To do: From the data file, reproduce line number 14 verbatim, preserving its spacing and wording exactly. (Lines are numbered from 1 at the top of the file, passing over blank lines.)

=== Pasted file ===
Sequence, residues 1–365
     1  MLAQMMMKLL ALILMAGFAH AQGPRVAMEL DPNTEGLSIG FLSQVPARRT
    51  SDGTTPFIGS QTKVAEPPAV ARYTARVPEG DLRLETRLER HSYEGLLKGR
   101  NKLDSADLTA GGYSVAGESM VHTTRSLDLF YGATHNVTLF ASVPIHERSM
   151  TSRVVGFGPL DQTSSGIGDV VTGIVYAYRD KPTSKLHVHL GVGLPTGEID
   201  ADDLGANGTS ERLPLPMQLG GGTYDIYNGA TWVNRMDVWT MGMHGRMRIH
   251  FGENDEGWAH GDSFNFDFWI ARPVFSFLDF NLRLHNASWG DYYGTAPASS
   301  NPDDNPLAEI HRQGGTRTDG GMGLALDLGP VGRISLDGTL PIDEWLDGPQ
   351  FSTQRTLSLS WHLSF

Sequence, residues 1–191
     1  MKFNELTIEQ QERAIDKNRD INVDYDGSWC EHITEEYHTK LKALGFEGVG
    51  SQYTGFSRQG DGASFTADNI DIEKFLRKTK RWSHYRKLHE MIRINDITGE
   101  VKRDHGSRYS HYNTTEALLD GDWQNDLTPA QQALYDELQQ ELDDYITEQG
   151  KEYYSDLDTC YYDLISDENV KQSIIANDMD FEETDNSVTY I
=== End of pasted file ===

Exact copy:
   151  KEYYSDLDTC YYDLISDENV KQSIIANDMD FEETDNSVTY I